An Astron power supply as the main power source and connected it to a 1 ohm 100W resistor for one test and 2 1 ohm resistors in parallel for a .5 ohm test. Voltage reading was taken at the mod.
One problem I ran into was the regulator would not output over 6 amps at 3.7 volts into a .5 ohm load. It needed to be at a higher voltage, so I used 7 volts to output 13 amps of current through the mod. This is will come out to a load of about .3 ohms at 3.7 volts.
The testing is to isolate the mod itself and to get actual voltage drop and current flow and not be influenced by atomizer and battery resistance.
Note that firing the device with varied pressure, pushing the button to the side when firing, etc., causes voltage variations. Some a lot worse than others. The mod is fired multiple times and the most consistent voltage is recorded.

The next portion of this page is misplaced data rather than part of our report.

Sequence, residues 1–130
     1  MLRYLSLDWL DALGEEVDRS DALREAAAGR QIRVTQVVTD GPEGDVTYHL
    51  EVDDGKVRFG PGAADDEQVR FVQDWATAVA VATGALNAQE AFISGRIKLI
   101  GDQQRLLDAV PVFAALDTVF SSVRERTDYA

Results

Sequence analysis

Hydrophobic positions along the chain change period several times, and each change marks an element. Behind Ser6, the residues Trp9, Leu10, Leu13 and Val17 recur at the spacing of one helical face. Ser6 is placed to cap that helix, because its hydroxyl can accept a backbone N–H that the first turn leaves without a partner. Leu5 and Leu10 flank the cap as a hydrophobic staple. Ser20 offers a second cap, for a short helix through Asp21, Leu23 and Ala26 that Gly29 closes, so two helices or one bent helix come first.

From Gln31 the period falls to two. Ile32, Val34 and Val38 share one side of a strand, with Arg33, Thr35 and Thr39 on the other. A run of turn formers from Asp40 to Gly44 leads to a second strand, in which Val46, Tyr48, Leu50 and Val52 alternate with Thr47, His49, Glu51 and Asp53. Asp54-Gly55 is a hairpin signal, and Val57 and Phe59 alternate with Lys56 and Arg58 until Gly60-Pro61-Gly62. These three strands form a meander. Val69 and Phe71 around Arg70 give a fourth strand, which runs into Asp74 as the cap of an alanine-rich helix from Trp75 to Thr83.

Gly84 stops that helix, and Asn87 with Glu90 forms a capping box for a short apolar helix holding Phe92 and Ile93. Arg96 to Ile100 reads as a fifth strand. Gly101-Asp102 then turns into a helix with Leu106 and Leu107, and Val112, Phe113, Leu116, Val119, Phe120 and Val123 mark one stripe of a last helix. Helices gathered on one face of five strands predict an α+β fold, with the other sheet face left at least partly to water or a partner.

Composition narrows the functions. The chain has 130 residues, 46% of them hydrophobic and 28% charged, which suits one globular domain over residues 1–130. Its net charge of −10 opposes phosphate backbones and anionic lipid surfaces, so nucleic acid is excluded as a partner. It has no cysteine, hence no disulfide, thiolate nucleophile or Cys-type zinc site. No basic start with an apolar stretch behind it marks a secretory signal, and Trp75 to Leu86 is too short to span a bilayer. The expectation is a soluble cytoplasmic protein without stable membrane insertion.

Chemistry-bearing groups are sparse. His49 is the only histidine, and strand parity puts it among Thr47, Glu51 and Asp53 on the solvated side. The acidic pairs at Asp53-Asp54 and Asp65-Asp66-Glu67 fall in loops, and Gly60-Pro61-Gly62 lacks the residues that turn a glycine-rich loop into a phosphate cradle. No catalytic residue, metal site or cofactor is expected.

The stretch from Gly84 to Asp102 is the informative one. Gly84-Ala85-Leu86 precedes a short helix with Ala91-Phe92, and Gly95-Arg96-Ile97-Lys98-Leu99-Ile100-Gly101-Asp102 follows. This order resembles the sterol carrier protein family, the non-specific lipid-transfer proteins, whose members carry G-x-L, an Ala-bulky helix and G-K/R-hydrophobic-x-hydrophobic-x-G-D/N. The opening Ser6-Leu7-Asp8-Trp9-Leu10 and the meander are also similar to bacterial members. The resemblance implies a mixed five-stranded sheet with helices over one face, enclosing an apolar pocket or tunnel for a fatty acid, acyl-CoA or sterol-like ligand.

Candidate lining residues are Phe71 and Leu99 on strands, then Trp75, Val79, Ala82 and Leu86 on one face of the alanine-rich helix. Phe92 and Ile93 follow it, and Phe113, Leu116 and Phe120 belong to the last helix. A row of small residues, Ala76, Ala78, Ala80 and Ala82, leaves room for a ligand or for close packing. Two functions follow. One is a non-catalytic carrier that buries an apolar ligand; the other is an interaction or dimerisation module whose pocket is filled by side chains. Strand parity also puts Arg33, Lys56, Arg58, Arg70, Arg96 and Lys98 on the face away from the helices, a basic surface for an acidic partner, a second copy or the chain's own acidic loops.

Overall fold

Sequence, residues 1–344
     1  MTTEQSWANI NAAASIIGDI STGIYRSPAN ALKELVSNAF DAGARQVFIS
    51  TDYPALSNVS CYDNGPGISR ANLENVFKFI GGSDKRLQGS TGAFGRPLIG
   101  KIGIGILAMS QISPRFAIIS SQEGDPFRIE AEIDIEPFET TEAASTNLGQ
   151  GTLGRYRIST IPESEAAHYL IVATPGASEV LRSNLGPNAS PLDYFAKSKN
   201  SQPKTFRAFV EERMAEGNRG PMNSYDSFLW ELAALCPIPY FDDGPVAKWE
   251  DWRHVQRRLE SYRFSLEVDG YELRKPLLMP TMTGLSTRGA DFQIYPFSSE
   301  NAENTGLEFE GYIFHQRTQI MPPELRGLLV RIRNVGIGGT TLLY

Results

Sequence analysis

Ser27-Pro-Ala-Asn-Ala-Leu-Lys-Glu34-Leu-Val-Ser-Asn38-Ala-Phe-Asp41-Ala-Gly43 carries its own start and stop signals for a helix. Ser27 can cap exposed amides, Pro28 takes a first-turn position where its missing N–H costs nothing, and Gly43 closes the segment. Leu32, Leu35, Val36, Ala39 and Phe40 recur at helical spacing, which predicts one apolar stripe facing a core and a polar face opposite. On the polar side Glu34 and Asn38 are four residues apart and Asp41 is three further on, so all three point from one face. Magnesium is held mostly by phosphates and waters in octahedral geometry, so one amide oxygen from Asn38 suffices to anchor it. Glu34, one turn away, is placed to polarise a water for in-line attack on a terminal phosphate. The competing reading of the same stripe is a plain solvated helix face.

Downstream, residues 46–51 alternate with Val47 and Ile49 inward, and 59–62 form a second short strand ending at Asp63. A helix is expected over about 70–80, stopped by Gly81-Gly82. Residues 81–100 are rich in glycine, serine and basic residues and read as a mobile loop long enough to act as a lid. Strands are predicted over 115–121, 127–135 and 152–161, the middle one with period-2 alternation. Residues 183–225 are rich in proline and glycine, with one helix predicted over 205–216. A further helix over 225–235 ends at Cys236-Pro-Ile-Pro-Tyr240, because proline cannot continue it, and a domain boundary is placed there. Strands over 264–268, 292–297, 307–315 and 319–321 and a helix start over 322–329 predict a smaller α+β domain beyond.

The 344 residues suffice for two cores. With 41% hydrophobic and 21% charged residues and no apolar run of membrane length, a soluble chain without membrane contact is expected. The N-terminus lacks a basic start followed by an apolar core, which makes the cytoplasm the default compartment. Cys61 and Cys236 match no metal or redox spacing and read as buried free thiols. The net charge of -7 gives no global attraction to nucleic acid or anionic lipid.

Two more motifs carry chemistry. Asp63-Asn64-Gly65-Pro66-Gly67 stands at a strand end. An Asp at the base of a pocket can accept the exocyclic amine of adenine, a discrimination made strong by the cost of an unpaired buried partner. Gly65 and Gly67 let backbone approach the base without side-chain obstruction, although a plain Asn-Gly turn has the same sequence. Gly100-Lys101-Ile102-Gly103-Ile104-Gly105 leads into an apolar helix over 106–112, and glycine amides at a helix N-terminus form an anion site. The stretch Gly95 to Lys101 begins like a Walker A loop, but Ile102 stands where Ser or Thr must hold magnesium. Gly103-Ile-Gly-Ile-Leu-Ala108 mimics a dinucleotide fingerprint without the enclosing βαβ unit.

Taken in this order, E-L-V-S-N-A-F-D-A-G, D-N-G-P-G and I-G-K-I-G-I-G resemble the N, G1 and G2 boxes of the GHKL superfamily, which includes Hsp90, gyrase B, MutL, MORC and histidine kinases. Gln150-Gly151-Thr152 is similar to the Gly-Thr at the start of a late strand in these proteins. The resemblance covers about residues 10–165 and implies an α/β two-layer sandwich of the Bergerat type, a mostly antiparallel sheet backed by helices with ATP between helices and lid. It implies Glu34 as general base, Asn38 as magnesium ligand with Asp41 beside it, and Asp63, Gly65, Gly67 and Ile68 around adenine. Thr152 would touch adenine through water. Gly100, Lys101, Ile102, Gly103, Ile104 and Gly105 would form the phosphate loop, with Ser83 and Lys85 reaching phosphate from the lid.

VOLTAGE DIFFERENCE BETWEEN PLATED AND PLAIN CONTACT PINS
Control device used was a Brass Nemesis because of its consistent voltage readings. Everything was used in the same manner with the exception of the different top and bottom contact. The brass contact originated from a plated clone contact with the silver plating stripped off.
The Nemesis silver plated contact was used as the control voltage as that had the lowest voltage drop.
Low current test:
Silver Plated brass (control) - 0 volts
Clone silver plated brass +0.004
High Current Test:
Silver Plated Brass (control) 0 volts
Copper -0.001 (better than silver plated brass, but .001 could be human error
Clone Plated contacts +0.003
I am now using a new method of testing batteries. The load is still a fixed .5 and 1 ohm power resistor, but the voltage is logged over a set time period.
Also the internal resistance of the battery is tested.
Again, these tests are subjective. Battery age, condition, batch lots, etc., can all vary in test results, plus multiple batteries of the same make and model are not tested to check for consistency. If a test value appears to be erroneous, it is retested or another battery is used.